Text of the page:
There is “no brilliant and technical propagandistic plan” being discussed. Such a plan is entirely in your own imagination. It has nothing to do with the contents of the writings we are analyzing.

      Who would have benefited from disarming the zealotry, harnessing the power of the Old Testament prophecies and angelology and playing into the hands of the Romans ?

      There was no “disarming the zealotry” connected in any way with the gospels. There is no evidence for any such claim. All the evidence we have from Roman times makes it clear that Jewish “zealotry” was “disarmed” by the military power of Rome. Gospels had nothing to do with it.

      What OT prophecies had any “powers”? What “angelology” is relevant here? This is all conspiracy talk without any basis in the data.

    • Steven Watson
      2019-02-09 06:44:29 GMT+0000 - 06:44 | Permalink

      On the contrary: if you are going to read it that way, what emerges is Jesus orchestrating an elaborate suicide-by-cop. Which is just bloody silly.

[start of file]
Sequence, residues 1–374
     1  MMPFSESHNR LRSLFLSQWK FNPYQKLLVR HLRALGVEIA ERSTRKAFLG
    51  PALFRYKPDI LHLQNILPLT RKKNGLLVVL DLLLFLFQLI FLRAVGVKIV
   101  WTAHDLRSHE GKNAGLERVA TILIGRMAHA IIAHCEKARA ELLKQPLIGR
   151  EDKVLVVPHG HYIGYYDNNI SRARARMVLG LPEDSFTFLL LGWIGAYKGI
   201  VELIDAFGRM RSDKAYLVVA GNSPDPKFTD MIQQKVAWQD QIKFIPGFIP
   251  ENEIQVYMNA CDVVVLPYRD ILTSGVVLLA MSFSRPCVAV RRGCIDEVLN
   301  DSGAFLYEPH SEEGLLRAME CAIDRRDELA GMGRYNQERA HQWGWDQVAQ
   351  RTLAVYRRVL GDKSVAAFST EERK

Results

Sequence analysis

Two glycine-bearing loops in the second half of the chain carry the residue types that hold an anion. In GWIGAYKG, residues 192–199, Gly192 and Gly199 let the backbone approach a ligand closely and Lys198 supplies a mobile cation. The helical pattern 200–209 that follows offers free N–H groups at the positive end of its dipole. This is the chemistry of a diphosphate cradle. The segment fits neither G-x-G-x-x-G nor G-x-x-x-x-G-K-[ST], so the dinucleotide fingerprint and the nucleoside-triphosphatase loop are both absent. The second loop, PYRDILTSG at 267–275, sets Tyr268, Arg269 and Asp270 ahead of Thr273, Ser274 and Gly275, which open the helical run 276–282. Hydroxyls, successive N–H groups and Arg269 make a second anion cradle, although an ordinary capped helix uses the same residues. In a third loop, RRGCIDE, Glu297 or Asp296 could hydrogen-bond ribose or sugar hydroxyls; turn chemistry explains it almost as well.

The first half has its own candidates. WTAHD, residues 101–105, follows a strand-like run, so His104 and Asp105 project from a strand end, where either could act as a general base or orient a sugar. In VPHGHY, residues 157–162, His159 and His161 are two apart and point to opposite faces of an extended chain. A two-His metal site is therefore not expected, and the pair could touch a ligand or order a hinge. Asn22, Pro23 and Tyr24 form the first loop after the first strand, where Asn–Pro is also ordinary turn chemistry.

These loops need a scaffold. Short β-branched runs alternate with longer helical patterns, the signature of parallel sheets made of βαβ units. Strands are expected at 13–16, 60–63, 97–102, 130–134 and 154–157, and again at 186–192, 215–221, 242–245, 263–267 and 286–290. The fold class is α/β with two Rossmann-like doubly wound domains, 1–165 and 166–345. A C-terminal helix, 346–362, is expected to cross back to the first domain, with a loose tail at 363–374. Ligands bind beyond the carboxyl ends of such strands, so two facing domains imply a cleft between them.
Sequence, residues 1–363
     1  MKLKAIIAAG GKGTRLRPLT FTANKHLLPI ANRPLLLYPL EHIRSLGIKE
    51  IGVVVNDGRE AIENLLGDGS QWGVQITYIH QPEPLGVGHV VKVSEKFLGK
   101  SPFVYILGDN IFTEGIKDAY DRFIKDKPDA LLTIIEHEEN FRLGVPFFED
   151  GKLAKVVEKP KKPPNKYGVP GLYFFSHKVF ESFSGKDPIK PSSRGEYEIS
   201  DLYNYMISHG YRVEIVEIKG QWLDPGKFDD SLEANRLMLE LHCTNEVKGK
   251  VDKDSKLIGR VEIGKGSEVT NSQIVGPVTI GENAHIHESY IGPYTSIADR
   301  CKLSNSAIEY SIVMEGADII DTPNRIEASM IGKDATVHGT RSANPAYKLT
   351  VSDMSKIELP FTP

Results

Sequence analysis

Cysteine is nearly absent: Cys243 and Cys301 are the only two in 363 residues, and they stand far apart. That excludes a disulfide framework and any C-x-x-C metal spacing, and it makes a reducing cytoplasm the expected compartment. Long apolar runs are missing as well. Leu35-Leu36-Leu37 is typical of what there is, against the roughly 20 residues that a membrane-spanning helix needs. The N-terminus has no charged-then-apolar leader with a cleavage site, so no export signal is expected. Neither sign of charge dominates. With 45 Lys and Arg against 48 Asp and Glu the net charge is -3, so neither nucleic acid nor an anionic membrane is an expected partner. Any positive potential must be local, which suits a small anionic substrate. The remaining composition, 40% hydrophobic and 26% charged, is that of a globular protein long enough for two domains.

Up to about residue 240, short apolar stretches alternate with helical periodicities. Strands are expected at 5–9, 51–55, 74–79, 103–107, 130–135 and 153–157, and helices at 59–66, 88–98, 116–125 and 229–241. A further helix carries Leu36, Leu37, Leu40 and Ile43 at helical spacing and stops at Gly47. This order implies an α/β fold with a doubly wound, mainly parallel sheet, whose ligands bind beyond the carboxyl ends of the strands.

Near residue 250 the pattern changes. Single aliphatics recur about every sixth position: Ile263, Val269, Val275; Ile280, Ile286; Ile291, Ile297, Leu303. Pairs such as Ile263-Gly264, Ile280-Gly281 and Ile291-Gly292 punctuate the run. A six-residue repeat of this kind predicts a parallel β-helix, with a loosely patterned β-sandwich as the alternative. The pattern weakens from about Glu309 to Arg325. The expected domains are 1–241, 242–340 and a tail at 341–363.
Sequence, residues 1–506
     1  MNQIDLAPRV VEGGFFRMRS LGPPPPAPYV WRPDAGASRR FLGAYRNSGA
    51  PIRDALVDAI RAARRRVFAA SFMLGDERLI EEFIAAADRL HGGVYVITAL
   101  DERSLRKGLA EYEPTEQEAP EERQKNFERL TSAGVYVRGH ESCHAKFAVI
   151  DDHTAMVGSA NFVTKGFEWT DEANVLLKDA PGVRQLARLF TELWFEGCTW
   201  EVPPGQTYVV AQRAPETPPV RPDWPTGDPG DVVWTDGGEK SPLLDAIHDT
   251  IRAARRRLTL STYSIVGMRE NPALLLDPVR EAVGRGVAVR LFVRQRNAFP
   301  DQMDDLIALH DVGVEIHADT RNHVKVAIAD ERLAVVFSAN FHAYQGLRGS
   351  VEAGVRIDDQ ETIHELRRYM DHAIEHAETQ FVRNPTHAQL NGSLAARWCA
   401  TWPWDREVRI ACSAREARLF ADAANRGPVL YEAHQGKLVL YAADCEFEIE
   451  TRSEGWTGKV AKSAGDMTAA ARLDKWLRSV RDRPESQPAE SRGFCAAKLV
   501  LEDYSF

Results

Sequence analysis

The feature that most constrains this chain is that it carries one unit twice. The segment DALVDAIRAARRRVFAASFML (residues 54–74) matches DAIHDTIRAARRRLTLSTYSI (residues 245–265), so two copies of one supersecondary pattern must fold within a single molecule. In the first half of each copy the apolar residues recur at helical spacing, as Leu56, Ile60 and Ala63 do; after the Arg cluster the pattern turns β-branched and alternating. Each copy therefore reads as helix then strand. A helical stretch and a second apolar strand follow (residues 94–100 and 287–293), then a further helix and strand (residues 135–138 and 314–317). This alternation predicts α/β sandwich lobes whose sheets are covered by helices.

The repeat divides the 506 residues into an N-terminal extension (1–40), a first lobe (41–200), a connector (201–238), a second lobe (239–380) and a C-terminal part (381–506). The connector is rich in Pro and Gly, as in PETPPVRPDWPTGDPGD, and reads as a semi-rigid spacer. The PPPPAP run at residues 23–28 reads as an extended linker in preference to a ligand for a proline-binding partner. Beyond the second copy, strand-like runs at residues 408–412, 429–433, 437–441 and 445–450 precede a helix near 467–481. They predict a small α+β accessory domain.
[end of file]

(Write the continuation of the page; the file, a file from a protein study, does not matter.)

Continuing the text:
• Neil Godfrey
        2019-02-09 07:24:00 GMT+0000 - 07:24 | Permalink

        “crackpot”, “bloody silly”, “laughable” — how about some serious attempt to demonstrate that you actually understand the argument you are addressing and the evidence in its favour (or at least ask if you don’t) before setting down cheap dismissals. I try here to set out arguments fairly and to address them seriously.

        • Steven Watson
          2019-02-09 22:50:05 GMT+0000 - 22:50 | Permalink

          I’m replying to Grullemans and its a reference to Hugh J Schonfield’s The Passover Plot. Sorry, it’s my bad if I’ve misplaced the reply. I am not ever getting at you (except when I am, of course. 🙂 ) You’re an epitomist and a damned good one. I’m not at heart a fence-sitter and I can be a sarky bugger. If you want sweetness and light, I’m afraid that’s likely not to be me a lot of the time. WYSIWYG.